1. I use semisweet choc chips for chocolate mousse. I follow the recipe in Mastering the ARt of French cooking. It is super easy and always a hit/

        1. These are great, thanks for the ideas. Anyone else?

          1. If you really want to highlight the chocolate, you could do a terrine or for something simple, Jacques Torres' chocolate tart recipe:


            I've made this recipe. It's delicious, but intense. A serving about an inch or two wide will satisfy most people, which will make your chocolate treasure stretch further. ;-


            I have a terrine recipe somewhere that uses brandy and coffee to accent the chocolate. It's very good. I have NO idea where I got the recipe--perhaps on CH, even? If you're interested, I will dig it out later tonight (US time) and paraphrase it for you.

            2 Replies
            1. re: Normandie

              Normandie-- yes please, i'd love to see the terrine recipe. I'm not a huge fan of flourless chocolate cakes, because I often feel like I'm eating something akin to butter/icing. But a terrine sounds different and good.

              1. re: ChristinaMason

                Well, if a terrine does pique your interest, Christina, do a search on "chocolate terrine". I just did that and all sorts of interesting recipes came up, with a diversity of flavor combinations with the chocolate. Of course, there's no way to vet many of them, but one I noticed on epicurious that I think had Cayenne pepper and that one should have been tested.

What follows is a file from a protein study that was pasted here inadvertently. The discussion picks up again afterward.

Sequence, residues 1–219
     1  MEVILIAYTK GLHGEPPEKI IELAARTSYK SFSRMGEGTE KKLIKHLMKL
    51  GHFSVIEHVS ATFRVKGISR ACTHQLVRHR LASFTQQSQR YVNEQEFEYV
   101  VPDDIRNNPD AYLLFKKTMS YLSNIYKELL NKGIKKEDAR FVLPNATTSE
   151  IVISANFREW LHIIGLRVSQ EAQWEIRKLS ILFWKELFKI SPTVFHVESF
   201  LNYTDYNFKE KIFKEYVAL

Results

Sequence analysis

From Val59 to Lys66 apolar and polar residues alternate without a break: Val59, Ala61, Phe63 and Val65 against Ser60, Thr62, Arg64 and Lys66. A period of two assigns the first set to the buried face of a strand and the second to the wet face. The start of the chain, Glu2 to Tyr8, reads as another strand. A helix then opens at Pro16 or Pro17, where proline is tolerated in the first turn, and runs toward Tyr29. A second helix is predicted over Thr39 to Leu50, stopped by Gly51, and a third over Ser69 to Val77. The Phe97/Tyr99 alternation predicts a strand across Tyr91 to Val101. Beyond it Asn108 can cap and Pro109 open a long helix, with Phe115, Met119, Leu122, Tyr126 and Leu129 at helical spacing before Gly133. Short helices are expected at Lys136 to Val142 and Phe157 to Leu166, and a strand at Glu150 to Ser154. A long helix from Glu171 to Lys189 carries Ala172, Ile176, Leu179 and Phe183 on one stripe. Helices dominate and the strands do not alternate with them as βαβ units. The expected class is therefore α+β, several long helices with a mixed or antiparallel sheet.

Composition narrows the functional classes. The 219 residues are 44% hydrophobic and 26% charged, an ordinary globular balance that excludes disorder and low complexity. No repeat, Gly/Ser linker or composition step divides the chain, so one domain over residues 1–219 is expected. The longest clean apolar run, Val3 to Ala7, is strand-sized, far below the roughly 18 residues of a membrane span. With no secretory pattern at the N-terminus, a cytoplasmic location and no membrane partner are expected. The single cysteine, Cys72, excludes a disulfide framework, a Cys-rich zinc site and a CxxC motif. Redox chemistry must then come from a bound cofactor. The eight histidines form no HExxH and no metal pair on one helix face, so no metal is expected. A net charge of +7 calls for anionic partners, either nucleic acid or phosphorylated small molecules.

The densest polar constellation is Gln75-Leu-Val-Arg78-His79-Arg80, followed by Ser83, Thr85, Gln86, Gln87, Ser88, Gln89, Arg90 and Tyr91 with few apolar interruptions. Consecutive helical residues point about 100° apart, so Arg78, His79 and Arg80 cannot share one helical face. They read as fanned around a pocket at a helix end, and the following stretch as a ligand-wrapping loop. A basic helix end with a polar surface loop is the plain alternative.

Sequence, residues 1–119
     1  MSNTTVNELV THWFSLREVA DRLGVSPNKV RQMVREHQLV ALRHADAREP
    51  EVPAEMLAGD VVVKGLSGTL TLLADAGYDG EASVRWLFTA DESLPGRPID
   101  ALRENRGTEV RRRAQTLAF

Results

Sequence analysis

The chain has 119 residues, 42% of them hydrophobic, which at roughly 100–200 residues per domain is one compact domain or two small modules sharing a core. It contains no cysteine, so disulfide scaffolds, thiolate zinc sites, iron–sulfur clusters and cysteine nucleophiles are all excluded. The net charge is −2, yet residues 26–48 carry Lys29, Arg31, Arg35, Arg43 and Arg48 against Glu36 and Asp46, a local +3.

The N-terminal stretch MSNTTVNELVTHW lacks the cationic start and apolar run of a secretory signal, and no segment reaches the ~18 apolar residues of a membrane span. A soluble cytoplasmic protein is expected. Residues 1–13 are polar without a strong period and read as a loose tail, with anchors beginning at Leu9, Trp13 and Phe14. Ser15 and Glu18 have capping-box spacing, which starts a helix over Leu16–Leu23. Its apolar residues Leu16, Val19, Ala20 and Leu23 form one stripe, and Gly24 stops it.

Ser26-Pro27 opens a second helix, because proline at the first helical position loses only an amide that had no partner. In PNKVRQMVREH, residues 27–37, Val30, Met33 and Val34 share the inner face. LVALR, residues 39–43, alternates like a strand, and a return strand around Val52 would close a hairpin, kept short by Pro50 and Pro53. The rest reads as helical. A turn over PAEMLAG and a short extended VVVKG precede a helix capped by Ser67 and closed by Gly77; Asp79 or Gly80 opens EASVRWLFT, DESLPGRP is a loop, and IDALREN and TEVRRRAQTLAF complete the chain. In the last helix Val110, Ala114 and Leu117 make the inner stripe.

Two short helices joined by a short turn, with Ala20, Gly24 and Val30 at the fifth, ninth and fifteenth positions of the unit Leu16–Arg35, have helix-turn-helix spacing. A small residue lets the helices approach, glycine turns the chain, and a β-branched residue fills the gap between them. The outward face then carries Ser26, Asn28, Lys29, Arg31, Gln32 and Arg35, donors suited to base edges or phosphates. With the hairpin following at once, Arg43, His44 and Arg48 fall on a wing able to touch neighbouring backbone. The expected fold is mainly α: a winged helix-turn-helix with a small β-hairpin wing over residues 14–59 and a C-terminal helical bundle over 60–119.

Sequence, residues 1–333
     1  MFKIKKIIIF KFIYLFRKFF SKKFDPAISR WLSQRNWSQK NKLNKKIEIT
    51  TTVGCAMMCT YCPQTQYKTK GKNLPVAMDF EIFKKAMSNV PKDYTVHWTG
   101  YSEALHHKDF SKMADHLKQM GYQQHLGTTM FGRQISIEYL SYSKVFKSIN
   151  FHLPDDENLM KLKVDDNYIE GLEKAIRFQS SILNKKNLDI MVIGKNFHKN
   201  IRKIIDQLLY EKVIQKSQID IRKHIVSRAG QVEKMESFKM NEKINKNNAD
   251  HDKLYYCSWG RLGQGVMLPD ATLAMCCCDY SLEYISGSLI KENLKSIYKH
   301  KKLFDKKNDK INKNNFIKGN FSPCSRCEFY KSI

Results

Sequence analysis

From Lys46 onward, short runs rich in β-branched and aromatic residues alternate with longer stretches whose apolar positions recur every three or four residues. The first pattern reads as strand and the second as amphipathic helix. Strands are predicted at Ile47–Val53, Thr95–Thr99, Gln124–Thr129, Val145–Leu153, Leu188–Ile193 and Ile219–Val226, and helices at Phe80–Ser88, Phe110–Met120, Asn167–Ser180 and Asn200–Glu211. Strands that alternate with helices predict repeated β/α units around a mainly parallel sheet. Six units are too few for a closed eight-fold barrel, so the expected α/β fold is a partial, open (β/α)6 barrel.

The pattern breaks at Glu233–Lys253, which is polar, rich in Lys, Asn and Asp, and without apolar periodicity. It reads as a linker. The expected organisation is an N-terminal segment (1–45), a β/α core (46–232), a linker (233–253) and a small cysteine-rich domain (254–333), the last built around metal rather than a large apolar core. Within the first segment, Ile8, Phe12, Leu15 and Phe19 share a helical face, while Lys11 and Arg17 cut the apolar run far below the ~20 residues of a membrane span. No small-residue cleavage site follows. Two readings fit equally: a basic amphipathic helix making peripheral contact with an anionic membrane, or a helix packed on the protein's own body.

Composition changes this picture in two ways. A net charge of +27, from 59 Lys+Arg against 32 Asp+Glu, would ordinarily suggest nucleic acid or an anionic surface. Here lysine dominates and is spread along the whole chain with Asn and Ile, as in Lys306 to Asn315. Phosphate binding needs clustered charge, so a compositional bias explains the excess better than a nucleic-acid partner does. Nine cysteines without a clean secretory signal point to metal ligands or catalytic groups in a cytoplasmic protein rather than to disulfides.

Anyway, here's the recipe I have. If by any chance anyone here recognizes it as their own, please take credit. Usually if I take a recipe from here, I note the poster's name, but I have no info with this recipe.


                5 oz. semi-sweet chocolate
                1/4 cup butter
                1 Tablespoon brandy
                2 eggs plus 2 yolks
                1/4 cup sugar
                1 teaspoon vanilla
                1 teaspoon instant coffee powder
                1 Tablespoon AP flour

                Directions, paraphased:

                1. In top pan of double-boiler, melt chocolate and butter together, stirring. When mixture is smooth, take off heat source. Blend in liqueur. Set aside while you proceed with Step 2.

                2. Use mixer to blend together the eggs, the 2 additional yolks, vanilla, instant coffee powder and vanilla. Mixture is sufficiently beaten when it achieves the thick ribbon stage. This should take about five minutes.

                3. Fold into this bowl with the egg mixture the tablespoon of flour and then the chocolate/butter that you had set aside. Fold only until just combined.

                4. Butter thoroughly a terrine mold, a souffle dish or individual dessert molds, if desired. Cover with wrap and chill until about three-quarters of an hour before service. Upon removal from refrigerator, let stand at room temperature for 30 minutes, then bake 11 to 13 minutes at 400 degrees F. A skewer or thin knife inserted into the dessert should have a moist batter attached when removed (similar to pudding).

                5. Let cool five minute; loosen sides using thin knife dipped in warm water; turn out onto service plate(s).